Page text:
Duke study presented before ShotSpotter shutdown vote shows mixed results for controversial gunfire detection program

Durham City Council voted on March 4 to not renew their contract with SoundThinking, the company behind the controversial gunfire detection software ShotSpotter that had operated in parts of the city since November 2022.

Before the decision to effectively shut the program down, findings from a study conducted by Duke Law School’s Wilson Center for Science and Justice were presented to the council.

The report, led by Philip Cook, ITT/Terry Sanford professor emeritus of public policy and economics, and Adam Soliman, assistant professor of economics at Clemson University, evaluated whether the program improved responses to gun violence. 

The results of the report were mixed. On one hand, the report found that ShotSpotter more than doubled the number of gunshot notifications for the target area, "notably improving response times by patrol officers."

On the other hand, ShotSpotter alerts were published for only 26 of the 52 known gunshot incidents during the pilot period, while 911 received calls for 50 of the 52 incidents — indicating that the system is not a foolproof method of gunshot and violence detection.

Tom Chittum, senior vice president of forensic services at SoundThinking, wrote to The Chronicle Thursday that ShotSpotter is "not intended to generate evidence related to indoor shootings," and added that the statistic did not distinguish between indoor and outdoor gunfire, although this was noted in the research study. 

According to Cook, the immediate goal of ShotSpotter is to improve the amount of gunfire incidents that receive police responses and investigations. 

“There was this group of cases that had a ShotSpotter alert, but no 911 call,” Cook said. “There were seven additional arrests resulting from those cases that would not have happened otherwise … and there were 71 cases where there was at least some evidence collected at the scene, even though there was no arrest.”

Chittum wrote that ShotSpotter's main value lies in how it saves lives, adding that "we must not ignore the importance of this technology’s ability to bring care to victims who may otherwise not receive the aid they need, resulting in lives saved." 

"While we believe ShotSpotter is a vital tool in any city’s toolbox to assist law enforcement in delivering efficient, effective, and equitable responses, it would be a mistake to frame the technology’s greatest purpose as a system solely used to result in arrests or reduce gun violence. No technology or tool can make this claim," he wrote. 

Another goal of ShotSpotter is to increase the efficiency of responses to gunfire, such as emergency medical attention, by providing a more accurate location of the incident. 

Cook said that the median response time improvement was "a little over a minute out of around five minutes," adding that the number of cases with slow response times fell substantially. He noted that ShotSpotter may have saved a life in one case, where a victim was bleeding out when the police arrived but was able to receive sufficient first aid to survive their wounds.

However, for the cases in which 911 and ShotSpotter were both involved, Cook said that there was no improvement detected regarding police investigations.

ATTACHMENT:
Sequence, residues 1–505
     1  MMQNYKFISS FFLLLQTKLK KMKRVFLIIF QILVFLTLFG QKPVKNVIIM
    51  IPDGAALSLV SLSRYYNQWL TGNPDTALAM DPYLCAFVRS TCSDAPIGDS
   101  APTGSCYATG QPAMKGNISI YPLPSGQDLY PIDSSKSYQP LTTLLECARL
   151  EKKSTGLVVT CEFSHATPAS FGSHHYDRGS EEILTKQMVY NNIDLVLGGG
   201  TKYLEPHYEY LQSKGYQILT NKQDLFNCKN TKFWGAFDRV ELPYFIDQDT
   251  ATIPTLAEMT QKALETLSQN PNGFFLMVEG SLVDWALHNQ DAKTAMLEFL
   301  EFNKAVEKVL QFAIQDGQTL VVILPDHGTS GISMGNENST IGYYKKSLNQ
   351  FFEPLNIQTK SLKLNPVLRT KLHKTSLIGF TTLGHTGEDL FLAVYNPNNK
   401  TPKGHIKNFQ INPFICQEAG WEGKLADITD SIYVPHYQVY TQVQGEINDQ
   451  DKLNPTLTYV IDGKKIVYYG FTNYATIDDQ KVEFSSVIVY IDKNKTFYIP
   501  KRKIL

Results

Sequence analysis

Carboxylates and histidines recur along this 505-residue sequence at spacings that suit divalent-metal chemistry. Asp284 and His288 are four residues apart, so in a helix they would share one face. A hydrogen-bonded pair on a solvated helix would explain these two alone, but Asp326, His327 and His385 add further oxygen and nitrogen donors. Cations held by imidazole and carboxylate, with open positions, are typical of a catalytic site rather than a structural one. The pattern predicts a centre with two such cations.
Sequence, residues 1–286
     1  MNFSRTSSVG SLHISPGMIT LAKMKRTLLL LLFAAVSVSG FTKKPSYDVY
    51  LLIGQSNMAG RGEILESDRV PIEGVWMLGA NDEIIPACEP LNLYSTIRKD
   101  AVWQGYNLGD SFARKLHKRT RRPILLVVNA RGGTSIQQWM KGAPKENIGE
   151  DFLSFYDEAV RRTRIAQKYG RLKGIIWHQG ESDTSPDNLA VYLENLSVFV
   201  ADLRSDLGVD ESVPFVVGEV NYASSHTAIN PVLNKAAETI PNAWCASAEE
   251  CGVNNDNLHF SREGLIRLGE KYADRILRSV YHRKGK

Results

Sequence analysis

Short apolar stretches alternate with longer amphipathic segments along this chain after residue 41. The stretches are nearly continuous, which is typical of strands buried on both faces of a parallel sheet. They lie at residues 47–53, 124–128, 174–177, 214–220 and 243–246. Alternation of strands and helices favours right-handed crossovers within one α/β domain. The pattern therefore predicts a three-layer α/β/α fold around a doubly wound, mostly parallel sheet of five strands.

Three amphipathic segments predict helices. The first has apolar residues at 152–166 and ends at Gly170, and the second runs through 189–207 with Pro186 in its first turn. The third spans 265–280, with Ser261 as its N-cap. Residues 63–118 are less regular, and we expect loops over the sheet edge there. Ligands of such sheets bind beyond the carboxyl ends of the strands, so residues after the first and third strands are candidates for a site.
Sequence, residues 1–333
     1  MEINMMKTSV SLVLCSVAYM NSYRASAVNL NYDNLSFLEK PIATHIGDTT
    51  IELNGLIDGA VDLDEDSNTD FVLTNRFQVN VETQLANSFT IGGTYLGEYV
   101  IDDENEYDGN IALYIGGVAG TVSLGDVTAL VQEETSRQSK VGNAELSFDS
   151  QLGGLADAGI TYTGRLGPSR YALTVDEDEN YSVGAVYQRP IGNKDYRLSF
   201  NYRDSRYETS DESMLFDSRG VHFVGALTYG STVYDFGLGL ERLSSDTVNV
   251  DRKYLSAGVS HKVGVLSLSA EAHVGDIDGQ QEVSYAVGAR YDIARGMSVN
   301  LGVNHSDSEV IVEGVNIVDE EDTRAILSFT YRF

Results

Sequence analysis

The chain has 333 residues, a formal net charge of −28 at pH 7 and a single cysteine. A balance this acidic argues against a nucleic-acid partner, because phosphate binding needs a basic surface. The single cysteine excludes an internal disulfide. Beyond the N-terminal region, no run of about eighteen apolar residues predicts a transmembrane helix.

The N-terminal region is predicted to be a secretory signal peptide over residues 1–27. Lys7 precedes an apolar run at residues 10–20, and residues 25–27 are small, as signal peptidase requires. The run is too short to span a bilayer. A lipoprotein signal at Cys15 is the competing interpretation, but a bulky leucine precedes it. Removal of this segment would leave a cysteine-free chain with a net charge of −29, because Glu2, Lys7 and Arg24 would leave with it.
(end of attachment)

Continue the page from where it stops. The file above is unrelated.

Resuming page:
Cook added that it costs over $200,000 a year to continue using ShotSpotter in a three square mile area and two extra police deployments and patrol cars per day — time that he argues could be better spent.  

Since the program’s installation, ShotSpotter’s services have drawn scrutiny from community members and failed to pick up a drive-by shooting in January 2023 and two deadly shootings in February 2023.

“ShotSpotter missed a few high-profile shootings that it should have alerted,” Cook said. “It appeared that there were some dead spots in the positioning of the microphones,” but Cooke is unsure to what extent the technology will be able to be improved beyond these adjustments. 

It is also difficult to evaluate whether ShotSpotter was able to reduce gun violence as a whole, and whether it is capable of doing so in the long term.

“For myself, I'm willing to believe it does reduce gun violence.” Cook said. “Conceptually, it's straightforward that if you improve police investigations and increase arrest rates for shooters, then that will tend to reduce gun violence through the usual effects of the criminal justice system — deterrence and incapacitation.”

One area of concern among community members was that low-income neighborhoods and communities of color may be overpoliced due to ShotSpotter.

“In other cities, ShotSpotter has been controversial because, in fact, the police have abused the system in different ways,” Cook said. “In Durham, it appeared to me and others who have looked at it that the pilot system was incredibly well managed and that, in fact, Durham was a model for how it should be done.”

Cook decided to “try to inform the discussion and the city council, but not to advise it.” While the ShotSpotter evaluation does not take a stance regarding whether or not the Council should renew the contract, Cook doesn’t think the Council will consider retrying ShotSpotter anytime soon. 

“For Durham, as for many cities, gun violence is the most important crime problem, and it deserves and needs the highest priority,” Cook said. “If it's not going to be ShotSpotter, it needs to be other approaches.”

Editor's Note: This article was updated Thursday evening with Chittum's comment. 

Winston Qian

Winston Qian is a Pratt first-year and a staff reporter for the news department.    


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